a rainwater sea laps within
the tire swing that dropped by the shore last evening. & you
running up to hug my legs, before you knew the word relief
could describe the red tide washing
hot across your cheeks. before you learn
other words to describe that same burning within. synapses
fizzling at the arc of a flare
watched from a sinking bow. this first thrill —
how it took you by surprise that being away from home
had been the harbor that stopped your sinking.
& now, home is slack water
before the discovery that some pleasures are symbiotic with risk
becomes your heading. but you’re still in galoshes,
as we gather the frayed ends
of snapped rope. i show you how to unravel
the strands, show you that mending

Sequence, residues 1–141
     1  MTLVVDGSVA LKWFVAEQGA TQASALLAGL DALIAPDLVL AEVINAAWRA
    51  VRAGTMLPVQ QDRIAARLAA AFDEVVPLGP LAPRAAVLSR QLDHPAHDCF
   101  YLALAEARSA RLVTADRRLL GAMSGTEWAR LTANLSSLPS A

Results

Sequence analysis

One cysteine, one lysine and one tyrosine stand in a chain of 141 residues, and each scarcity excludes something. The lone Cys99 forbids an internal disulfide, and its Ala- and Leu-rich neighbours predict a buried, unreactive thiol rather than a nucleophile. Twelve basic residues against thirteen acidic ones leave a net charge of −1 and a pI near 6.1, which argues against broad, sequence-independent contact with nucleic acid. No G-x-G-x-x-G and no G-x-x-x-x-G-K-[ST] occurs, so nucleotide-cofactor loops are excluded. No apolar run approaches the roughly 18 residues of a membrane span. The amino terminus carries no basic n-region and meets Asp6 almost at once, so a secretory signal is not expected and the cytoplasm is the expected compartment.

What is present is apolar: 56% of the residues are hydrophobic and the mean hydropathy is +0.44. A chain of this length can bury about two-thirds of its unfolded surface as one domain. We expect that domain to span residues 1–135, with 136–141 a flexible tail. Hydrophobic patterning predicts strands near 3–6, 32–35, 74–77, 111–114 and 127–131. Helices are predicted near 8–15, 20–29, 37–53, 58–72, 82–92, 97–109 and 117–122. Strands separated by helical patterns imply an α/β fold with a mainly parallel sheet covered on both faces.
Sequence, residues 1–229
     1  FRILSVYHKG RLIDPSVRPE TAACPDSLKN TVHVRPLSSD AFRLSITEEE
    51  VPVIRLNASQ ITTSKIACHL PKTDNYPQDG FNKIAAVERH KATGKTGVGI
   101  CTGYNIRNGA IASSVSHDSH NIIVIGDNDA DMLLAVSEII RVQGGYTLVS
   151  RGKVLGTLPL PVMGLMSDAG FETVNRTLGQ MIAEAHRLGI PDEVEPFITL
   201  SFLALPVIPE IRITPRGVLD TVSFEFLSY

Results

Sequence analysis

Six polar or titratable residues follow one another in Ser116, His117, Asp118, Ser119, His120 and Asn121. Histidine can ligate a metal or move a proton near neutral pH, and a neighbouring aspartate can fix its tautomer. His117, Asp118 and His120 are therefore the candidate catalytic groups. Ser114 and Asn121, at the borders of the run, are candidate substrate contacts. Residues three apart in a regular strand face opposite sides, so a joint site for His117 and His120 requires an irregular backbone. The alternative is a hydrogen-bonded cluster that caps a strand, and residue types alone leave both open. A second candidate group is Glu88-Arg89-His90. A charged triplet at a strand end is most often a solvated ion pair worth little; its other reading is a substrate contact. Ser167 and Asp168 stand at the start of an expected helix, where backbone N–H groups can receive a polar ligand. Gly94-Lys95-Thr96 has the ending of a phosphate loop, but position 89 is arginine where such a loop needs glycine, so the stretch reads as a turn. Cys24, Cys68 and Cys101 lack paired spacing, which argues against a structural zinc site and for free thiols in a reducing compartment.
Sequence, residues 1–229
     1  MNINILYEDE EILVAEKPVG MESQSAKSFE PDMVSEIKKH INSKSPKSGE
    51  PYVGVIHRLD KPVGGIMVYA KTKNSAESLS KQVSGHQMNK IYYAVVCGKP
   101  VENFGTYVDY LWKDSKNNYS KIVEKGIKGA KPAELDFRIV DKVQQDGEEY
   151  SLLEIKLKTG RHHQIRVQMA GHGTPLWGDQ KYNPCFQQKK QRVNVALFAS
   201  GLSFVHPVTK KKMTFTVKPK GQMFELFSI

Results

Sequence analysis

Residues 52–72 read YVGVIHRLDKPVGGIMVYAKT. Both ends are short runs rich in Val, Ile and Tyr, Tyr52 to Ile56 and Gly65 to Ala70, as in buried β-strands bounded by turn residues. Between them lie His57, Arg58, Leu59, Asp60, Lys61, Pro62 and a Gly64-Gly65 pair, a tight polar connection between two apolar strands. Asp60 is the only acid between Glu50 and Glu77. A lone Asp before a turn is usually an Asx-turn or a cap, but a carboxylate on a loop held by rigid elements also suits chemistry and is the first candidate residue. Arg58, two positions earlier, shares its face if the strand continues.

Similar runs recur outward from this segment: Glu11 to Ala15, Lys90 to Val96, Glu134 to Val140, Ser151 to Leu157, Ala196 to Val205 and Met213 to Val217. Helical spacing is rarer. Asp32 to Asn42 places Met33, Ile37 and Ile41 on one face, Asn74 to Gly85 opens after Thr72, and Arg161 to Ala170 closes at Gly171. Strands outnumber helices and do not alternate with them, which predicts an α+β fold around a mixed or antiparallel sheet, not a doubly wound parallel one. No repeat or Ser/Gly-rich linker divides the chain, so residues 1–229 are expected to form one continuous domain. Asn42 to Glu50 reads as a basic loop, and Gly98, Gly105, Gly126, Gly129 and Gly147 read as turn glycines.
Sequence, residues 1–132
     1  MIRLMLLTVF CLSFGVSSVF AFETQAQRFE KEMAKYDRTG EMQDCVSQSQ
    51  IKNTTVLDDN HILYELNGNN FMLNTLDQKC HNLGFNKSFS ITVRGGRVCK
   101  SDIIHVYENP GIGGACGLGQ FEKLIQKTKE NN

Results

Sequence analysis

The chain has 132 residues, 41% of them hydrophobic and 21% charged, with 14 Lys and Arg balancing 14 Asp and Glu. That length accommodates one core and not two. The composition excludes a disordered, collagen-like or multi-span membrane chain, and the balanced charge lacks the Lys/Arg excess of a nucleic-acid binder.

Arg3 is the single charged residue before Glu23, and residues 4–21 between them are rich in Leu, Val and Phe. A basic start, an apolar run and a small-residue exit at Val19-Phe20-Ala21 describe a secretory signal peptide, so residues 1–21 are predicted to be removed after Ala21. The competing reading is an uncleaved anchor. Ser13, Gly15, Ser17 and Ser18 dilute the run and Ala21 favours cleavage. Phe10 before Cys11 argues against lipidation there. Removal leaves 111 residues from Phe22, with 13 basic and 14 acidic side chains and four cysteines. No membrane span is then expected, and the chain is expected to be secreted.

does not imply fidelity to the original.
we tie mooring buoys to each separate cord & let the currents
of wind knot them against the cypress, twine them together
as only eddies can do.
Lorrie Ness is a poet writing in a rural corner of Virginia. When she’s not writing, she can be found stomping through the woods, watching birds and playing in the dirt. Her work can be found in numerous journals, including THRUSH, Palette Poetry and Sky Island Journal. She was nominated for a Pushcart Prize in 2021 and her chapbook, “Anatomy of a Wound” was published by Flowstone Press in July of 2021.